Peru’s Garcia travels to Argentina for UNASUR Summit, Uribe expected to come under fire for military base deal

Peru President Alan García – the only South American leader to have expressed support for Colombian President Alvaro Uribe’s U.S. military base deal – left early Thursday to attend an extraordinary Union of South American Nations, or UNASUR, Summit in Argentina.

The extraordinary meeting will take place on Friday, Aug. 28, 2009, in Argentina’s ski resort town of San Carlos de Bariloche, and will focus on expanding U.S.-Colombia military ties.

After snubbing the previous UNASUR meeting in Ecuador earlier this month when the deal drew immediate opposition from leaders throughout the region, Uribe agreed to attend the gathering in Argentina.

Though the Colombia-U.S. military base deal has yet to be sealed, Uribe provisionally consented to allow U.S. forces access to at least seven Colombian military bases to combat regional drug trafficking and to target terrorism, illicit smuggling as well as humanitarian and natural disasters.

So far, only Peru has supported Colombia’s decision.

Bolivia’s Evo Morales contended that the U.S. bases deal is not really about battling Colombia’s leftist FARC rebels or drug traffickers, and Paraguay’s Fernando Lugo argued that it does not contribute toward easing conflict and tension in the region. And, Venezuela’s Hugo Chávez has warned of a coming “Yankee military force,” and said that the “winds of war” were starting to blow across South America.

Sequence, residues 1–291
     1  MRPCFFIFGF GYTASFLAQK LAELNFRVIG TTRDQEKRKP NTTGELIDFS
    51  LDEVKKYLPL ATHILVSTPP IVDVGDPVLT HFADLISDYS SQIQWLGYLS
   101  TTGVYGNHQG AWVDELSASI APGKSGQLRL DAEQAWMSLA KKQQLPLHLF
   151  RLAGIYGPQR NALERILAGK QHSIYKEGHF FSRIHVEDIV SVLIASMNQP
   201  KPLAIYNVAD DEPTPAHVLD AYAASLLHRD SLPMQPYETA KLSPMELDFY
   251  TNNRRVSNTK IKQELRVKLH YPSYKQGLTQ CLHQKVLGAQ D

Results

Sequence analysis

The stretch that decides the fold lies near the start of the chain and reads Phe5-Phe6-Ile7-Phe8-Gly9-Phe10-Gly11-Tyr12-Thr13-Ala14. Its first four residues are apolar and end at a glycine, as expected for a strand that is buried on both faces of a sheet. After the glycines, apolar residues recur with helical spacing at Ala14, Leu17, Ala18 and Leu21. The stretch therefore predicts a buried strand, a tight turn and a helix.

The U.S.’ main military base in South America was — until July 17, 2009 — at Eloy Alfaro Air Base in Manta, on Ecuador’s Pacific coast. The 10-year agreement signed in 1999 was not renewed by Ecuadorian President Rafael Correa who, after winning the presidential election, said that Ecuador would “negotiate with the U.S. about a base in Manta, only if they let us put a military base in Miami.”

The UNASUR is a political and economic community that integrates the South American continent’s twelve countries: Argentina, Bolivia, Brazil, Chile, Colombia, Ecuador, Guyana, Paraguay, Peru, Suriname, Uruguay and Venezuela. The regional body aims to boost economic and political integration in the region, and some members hope UNASUR could become a regional version of the European Union.

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